Shelley Duvall Gets back With Horror ‘The Forest Hills’, Her First Movie In Two Decades

Shelley Duvall Gets back With Horror ‘The Forest Hills’, Her First Movie In Two Decades

Shelley Duvall (The Shining) is gearing up to get back to screens by means of The Forest Hills — an indie horror-thriller from writer-director Scott Goldberg, which denotes her first project in 20 years.

Likewise featuring Edward Furlong, Chiko Mendez and Dee Wallace, The Forest Hills follows an upset man who is tortured by nightmarish visions, subsequent to persevering through head trauma while setting up camp in the Catskill Mountains. Duvall will play the mother of the mentally and emotionally disturbed Rico (Mendez), who serves as his inner voice.

Scott Hansen is producing the pic close by Dreznick Goldberg Productions and Digital Thunderdome Studios, with Goldberg serving as co-producer.

“We are huge fans of The Shining and it’s honestly one of my favorite horror movies of all time, up there with John Carpenter’s Halloween and George A. Romero’s Day of the Dead with the dark tones they delivered in their movies, along with perfect scores and elements that make them my personal favorites,” said Goldberg. “Shelley contributed to The Shining being an absolute masterpiece by giving her all, and performing in a way that really showcased the fear and horror of a mother in isolation.”

DuVall is an actress, writer and producer known for her collaborations with everybody from Robert Altman and Woody Allen to Stanley Kubrick, Terry Gilliam and Steven Soderbergh. The screen icon is most popular for her work on the film side on classic titles including Brewster McCloud, McCabe & Mrs. Miller, Thieves Like Us, Nashville, Annie Hall, Three Women, The Shining, Popeye, Time Bandits, Roxanne and The Portrait of a Lady. She’s been honored over the course over her career with a Peabody Award, the Cannes Film Festival’s prize for Best Actress, two Emmy nominations and a BAFTA nom, among numerous different honors.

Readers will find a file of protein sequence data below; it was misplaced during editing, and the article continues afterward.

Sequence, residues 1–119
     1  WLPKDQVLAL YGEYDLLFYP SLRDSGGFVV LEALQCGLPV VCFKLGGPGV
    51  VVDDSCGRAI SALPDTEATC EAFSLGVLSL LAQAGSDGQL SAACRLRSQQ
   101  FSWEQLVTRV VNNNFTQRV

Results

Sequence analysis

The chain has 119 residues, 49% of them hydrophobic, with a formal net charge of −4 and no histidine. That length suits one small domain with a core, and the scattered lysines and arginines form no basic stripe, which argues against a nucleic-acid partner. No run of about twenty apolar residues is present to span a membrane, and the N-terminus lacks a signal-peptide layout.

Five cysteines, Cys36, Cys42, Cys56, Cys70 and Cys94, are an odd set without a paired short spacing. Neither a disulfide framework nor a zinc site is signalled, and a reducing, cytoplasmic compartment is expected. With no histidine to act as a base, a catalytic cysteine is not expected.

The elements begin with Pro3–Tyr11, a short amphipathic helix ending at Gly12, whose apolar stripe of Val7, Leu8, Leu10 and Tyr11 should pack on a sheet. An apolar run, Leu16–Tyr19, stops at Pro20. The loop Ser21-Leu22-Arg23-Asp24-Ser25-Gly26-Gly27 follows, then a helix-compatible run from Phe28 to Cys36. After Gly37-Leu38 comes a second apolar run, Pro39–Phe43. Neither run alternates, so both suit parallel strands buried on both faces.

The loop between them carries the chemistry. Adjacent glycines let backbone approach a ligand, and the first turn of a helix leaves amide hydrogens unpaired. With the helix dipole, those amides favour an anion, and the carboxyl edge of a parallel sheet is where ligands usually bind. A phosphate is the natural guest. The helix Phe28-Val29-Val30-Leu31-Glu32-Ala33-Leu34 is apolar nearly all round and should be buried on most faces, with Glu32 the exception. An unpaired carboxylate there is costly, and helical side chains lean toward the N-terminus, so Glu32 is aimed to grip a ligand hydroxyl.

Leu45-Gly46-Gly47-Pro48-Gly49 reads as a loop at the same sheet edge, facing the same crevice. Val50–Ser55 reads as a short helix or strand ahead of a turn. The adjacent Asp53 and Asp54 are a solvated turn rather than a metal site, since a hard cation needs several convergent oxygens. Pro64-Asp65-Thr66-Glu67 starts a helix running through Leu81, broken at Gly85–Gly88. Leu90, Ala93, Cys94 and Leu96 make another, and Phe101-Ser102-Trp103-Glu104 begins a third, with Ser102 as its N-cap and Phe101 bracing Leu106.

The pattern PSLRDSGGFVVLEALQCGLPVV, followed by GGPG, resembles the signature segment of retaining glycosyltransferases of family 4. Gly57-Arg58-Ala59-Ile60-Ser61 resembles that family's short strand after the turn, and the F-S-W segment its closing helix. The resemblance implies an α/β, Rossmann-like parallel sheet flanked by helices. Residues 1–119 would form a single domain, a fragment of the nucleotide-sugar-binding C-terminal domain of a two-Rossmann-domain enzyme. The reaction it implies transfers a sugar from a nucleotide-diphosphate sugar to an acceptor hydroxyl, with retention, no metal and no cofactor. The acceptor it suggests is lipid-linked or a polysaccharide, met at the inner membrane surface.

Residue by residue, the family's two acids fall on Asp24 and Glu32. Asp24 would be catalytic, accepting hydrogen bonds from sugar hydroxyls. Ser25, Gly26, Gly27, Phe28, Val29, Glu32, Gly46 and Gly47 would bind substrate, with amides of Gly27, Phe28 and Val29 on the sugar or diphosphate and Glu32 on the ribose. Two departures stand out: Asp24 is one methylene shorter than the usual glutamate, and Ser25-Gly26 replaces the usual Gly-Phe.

Her work in The Shining has been the subject of much conversation over the years.

The actress told Deadline’s sister publication in The Hollywood Reporter in 2021 that playing a woman whose husband is gradually unraveling during their isolated time as caretakers at a snowed-in hotel took its toll. She was expected to cry virtually every day over the course of the 56-week shoot.

That’s what duvall said, “after a while, your body rebels. It says: ‘Stop doing this to me. I don’t want to cry every day.’ And sometimes just that thought alone would make me cry. To wake up on a Monday morning, so early, and realize that you had to cry all day because it was scheduled — I would just start crying.”

Found out if Kubrick, as reputed, was purposely savage to her to upgrade her preformance, the actress told THR, “He’s got that streak in him. He definitely has that. But I think mostly because people have been that way to him at some time in the past.”

DuVall last showed up close by Shirley Jones, Cloris Leachman and Louise Fletcher in the 2002 comedy Manna from Heaven, declaring her retirement that same year. The actress reemerged in November of 2016, after numerous years out of the spotlight, in an interview with Dr. Phil on his equivalent name talk show, in which she focused on her battles with mental illness, exclaiming, “I am very sick. I need help.” The segment broadly saw as exploitative of Duvall immediately became a lightning rod, with everybody from Kubrick’s daughter Vivian to Mia Farrow and Patton Oswalt taking both the talk show host and his program to task. “McCABE & MRS. MILLER, THIEVES LIKE US, THE SHINING, 3 WOMEN, ROXANNE (et al),” wrote the latter actor and comedian on Twitter at the time. “Shelley Duvall deserves respect, not exploitation.”

It’s unclear whether Duvall is working with any delegates at this time.